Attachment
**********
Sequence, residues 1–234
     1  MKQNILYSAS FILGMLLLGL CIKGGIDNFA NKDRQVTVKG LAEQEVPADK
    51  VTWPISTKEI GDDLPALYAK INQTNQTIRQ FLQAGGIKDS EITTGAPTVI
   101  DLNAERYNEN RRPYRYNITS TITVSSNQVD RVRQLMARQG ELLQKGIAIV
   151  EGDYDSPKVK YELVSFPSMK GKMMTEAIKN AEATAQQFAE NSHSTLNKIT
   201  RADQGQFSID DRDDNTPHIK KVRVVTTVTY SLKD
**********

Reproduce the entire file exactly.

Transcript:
Sequence, residues 1–234
     1  MKQNILYSAS FILGMLLLGL CIKGGIDNFA NKDRQVTVKG LAEQEVPADK
    51  VTWPISTKEI GDDLPALYAK INQTNQTIRQ FLQAGGIKDS EITTGAPTVI
   101  DLNAERYNEN RRPYRYNITS TITVSSNQVD RVRQLMARQG ELLQKGIAIV
   151  EGDYDSPKVK YELVSFPSMK GKMMTEAIKN AEATAQQFAE NSHSTLNKIT
   201  RADQGQFSID DRDDNTPHIK KVRVVTTVTY SLKD